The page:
Even as I’m writing this, about twelve hours after I made the decision,  I can feel my chest tightening and my hands shaking, but I think I need to explain this decision in detail.

And to do that, we need to go back in time a little bit. Continue Reading →

On Being Stateless in Zwift

So I joined Zwift just recently. Sure, I’m a little late to the party, but reasons.

Anyway, while signing up, Zwift allows you to select your nationality, and offers a veritable cornucopia of nations with which you can identify. For instance, you can show the world you’re from  The Faroe Islands, Kiribati or the British Virgin Islands. If you’re a pedalling priest, you can select the flag of the Holy See. Wow. So many flags.

So I went looking for my flags.

Now, I carry two flags on my bikes.For the uninitiated, the flag on the left is the bleeding eyes of Sufferlandria. Black for Suffering, White for Purity of Suffering and Red for Suffering.

I didn’t really expect the Sufferlandrian flag to be available in Zwift. It would have been a nice little easter egg bonus, but I didn’t expect it. Nevertheless I did feel a mild stab of disappointment when I couldn’t find it.

So obviously I went off hunting for my other flag – the actual flag of the actual country in which I was actually  born. Wales. A Red Dragon on a field of white and green.

This flag

article-0-0E594C4B00000578-538_468x286You know what? It’s not there.

A country of 20,779 km2 and over three million people. Just not there. A country that has its own damn wikipedia. A country with its own legislative assembly, national anthem and capital city.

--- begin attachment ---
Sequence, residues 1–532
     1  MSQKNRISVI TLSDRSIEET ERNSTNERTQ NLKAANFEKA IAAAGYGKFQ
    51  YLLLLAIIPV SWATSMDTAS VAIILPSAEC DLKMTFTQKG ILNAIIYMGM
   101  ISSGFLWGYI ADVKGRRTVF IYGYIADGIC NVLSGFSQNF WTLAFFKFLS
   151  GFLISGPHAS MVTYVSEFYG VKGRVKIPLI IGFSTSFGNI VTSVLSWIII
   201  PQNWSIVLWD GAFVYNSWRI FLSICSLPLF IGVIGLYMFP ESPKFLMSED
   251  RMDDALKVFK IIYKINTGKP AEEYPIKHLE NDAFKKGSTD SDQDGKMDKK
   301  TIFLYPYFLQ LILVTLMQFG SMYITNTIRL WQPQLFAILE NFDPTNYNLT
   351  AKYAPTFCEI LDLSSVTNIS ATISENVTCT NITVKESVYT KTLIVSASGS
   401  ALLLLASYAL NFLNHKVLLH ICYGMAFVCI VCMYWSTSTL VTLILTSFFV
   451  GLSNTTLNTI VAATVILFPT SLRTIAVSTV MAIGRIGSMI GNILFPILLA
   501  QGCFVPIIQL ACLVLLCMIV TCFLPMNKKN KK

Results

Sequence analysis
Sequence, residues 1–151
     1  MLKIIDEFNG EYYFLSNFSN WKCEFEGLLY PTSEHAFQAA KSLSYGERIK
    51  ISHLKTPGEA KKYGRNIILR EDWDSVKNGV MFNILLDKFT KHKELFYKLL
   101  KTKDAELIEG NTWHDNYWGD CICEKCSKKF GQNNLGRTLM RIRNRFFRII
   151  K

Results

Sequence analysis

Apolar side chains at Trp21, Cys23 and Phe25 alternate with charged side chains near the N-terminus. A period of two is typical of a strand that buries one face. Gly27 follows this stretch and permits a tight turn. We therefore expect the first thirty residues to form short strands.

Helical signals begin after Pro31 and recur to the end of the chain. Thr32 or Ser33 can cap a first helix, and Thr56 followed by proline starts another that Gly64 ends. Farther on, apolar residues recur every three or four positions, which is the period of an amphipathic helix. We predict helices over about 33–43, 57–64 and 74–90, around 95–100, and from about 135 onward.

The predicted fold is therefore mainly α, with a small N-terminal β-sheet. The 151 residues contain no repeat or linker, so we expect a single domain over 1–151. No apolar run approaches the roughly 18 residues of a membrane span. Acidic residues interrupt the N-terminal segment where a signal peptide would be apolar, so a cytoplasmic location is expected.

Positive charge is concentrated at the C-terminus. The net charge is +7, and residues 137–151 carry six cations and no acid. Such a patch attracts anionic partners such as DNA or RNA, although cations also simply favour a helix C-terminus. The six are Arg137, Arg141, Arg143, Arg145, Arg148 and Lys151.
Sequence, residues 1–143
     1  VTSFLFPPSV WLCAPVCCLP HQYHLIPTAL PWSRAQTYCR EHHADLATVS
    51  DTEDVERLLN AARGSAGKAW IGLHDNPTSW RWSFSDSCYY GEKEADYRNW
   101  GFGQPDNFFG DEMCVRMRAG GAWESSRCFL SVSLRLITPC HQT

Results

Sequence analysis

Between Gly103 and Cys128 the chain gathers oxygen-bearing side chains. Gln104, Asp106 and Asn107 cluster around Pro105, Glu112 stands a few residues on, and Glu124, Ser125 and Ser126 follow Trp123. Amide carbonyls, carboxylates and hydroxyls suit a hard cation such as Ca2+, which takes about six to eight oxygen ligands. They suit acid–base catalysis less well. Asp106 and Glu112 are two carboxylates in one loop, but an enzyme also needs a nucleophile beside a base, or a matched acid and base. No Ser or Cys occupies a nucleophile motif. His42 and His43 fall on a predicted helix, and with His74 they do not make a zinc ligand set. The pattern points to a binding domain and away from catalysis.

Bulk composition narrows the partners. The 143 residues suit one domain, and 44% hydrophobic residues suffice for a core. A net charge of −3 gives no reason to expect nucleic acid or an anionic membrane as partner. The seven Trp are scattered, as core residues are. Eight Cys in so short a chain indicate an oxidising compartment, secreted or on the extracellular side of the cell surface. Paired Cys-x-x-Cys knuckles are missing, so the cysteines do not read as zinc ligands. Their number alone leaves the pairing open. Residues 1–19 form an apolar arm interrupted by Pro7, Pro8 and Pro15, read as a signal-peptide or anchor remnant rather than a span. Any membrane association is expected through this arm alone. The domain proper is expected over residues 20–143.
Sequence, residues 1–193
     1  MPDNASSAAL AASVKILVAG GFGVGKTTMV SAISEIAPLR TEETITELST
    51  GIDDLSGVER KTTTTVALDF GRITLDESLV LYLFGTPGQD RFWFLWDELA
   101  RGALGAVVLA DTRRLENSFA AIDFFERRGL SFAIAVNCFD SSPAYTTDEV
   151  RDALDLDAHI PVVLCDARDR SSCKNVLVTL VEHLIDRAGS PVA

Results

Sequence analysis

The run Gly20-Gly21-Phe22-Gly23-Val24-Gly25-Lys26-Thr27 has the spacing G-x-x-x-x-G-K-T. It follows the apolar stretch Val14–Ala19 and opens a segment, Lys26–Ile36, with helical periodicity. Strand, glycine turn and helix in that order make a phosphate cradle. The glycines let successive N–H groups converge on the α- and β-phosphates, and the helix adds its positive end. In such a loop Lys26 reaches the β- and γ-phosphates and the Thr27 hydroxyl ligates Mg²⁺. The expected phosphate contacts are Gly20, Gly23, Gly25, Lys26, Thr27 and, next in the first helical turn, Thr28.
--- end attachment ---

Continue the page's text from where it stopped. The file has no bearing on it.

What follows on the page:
But I can’t select that flag. Oh no. I can select the flag of “Neutral Zone”, whatever that is, but not Wales.

I can select the flag of The Falkland islands, a flag which actually has a sheep on it. Jesus, you’re just trolling now, aren’t you?

Zwift, you need to get your shit together. Seriously.

 

 

(Update: Apparently, Zwift use ISO 3166 and ISO places Wales under the UK. Apparently. But not The Falklands. Which is a British dependency.)
(Update 2: There’s also no Scottish flag, no Ulster flag, and no European stars. But you can select the flag of Pitcairn, a tiny island nation with fewer than 100 residents)

The Hills Are Calling

Back in April 2014, I had a crack at Everesting Garie Beach Hill in the Royal National Park. That particular attempt was aborted when my front light cut out during a fast, windy descent, which resulted in me hitting a pothole, puncturing, nearly dying of an adrenaline overdose, then calling it due to actual objective danger.

The switch assembly on the light, it transpired, had vibrated itself loose, and since I was carrying charging equipment but no actual spare light, there was no going on.

That was, as far as I know, the first attempt at an Everesting on Garie. I’d selected it for proximity to Sydney, a nice constant gradient, and a manageable number of target laps – 44. It really is – aside from the rough surface – an ideal Everesting hill.

In September 2014, Pat Dellagiagiacoma and Paul Karis completed the first everesting of Garie as a pair, a fine effort and worth some applause.